Do you feel safe because you are a white, middle class, politically apathetic professional? Or do you feel unsafe, and, because you are embodied in the system by this “acceptable” data set, do you suddenly feel guilty of some act of solipsism? i.e. “I’m not important enough.” Or: “I’m not Muslim.” But perhaps you do know that you don’t want to live in this kind of society; that this is wrong; that the last twelve years have taught you that our government rarely asks for forgiveness, much less permission, and that it’s capable of monstrous, deadly errors and crimes, especially in the name of freedom and safety. (But you don’t need the whole litany, you know it well enough. You skip over the links to Gitmo force feedings and drone strikes in somewhere-stan because look there’s a Mad Men recap that your roommate, while scrolling through your DVR, turned to you excitedly and said you had to read. Just get through it already.)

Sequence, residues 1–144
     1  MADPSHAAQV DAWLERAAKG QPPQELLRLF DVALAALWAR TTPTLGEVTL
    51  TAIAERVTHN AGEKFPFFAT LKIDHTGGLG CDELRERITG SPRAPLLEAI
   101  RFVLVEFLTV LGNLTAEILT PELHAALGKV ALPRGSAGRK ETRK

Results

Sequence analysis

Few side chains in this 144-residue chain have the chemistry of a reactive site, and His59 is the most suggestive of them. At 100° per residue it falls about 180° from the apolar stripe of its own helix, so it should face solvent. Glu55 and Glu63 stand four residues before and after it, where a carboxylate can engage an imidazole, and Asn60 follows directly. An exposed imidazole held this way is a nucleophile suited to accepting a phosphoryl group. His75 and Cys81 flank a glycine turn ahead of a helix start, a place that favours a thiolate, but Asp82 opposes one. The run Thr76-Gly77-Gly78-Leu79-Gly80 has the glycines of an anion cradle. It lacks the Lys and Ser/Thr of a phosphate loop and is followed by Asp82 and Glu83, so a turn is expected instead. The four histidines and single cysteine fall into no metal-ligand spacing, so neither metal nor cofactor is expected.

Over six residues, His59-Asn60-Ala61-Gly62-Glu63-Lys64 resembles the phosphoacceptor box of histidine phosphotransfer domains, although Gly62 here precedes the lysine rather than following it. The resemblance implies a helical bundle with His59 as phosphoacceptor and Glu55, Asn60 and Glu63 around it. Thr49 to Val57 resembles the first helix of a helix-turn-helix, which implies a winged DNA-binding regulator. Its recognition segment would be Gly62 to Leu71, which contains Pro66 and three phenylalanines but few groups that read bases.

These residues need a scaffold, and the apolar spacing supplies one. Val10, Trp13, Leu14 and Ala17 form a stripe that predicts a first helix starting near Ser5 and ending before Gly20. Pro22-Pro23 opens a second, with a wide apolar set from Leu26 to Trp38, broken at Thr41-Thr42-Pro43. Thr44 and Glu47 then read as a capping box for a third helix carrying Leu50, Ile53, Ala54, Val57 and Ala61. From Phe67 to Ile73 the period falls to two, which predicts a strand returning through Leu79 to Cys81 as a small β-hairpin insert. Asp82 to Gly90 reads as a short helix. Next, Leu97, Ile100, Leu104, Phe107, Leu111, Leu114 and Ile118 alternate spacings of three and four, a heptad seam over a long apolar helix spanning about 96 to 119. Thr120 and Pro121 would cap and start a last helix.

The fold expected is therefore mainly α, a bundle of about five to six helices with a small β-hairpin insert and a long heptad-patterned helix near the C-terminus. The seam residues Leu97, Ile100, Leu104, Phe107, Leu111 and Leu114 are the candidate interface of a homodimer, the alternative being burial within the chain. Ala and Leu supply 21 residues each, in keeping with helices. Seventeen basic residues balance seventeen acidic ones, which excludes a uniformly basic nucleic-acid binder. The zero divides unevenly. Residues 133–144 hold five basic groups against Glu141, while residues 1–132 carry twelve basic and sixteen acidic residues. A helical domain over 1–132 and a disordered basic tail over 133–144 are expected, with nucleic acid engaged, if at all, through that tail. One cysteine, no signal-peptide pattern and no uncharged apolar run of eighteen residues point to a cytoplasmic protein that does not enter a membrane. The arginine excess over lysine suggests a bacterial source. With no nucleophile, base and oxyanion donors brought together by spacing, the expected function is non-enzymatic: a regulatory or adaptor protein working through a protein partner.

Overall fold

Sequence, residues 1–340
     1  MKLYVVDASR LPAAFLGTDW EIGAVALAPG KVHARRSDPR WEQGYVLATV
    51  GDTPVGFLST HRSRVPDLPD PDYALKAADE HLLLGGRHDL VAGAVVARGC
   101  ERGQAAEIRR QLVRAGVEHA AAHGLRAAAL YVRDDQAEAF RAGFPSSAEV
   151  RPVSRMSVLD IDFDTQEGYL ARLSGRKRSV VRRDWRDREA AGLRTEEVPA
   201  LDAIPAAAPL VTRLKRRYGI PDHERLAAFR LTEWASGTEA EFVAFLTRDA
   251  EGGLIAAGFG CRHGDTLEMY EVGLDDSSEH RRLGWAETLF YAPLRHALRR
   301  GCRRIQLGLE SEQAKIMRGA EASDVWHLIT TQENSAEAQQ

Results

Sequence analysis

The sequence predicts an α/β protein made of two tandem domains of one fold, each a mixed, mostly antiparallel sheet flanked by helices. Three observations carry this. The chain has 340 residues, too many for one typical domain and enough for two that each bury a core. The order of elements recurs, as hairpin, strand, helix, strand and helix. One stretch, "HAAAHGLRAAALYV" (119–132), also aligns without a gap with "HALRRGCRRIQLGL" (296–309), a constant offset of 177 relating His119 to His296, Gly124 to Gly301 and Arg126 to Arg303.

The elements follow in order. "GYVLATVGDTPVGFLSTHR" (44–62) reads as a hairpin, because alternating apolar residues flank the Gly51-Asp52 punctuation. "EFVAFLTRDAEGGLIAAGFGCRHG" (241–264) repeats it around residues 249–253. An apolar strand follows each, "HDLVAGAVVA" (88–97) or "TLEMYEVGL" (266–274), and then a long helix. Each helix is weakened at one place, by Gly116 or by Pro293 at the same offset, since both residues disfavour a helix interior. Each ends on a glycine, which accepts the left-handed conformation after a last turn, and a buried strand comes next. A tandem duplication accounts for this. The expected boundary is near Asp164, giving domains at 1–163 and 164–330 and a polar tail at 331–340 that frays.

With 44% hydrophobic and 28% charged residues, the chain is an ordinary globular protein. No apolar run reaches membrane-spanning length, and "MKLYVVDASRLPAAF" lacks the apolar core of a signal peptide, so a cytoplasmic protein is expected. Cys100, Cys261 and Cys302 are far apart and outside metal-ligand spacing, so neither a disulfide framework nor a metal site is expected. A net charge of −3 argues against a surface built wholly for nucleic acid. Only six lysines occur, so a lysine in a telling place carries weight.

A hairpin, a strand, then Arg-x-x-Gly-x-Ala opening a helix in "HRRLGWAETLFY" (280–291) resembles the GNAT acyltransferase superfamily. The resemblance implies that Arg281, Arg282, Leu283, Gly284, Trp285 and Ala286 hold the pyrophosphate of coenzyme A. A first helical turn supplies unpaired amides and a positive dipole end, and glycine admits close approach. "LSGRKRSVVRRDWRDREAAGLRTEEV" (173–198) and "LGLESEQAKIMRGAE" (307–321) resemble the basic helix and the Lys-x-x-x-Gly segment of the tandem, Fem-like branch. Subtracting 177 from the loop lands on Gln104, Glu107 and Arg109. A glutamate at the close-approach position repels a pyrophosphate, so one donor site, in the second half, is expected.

Occasionally, an illustrative story appears, showing us how, in a world of institutionalized surveillance, citizens become flotsam in the eddies of power. Consider Rehan Motiwala, the 29-year-old American medical student recently prevented from traveling home from Bangkok. Motiwala thinks he was placed on a no-fly list, but the list is secret. All he knows is that for 10 days he was confined, without explanation, to a detention center in the Bangkok airport, where he was mistreated, not least by representatives of his own government who apparently did little to help him. As Evgeny Morozov recently argued, Big Data doesn’t ask “why”; it only declares connections — in this case, a very consequential one.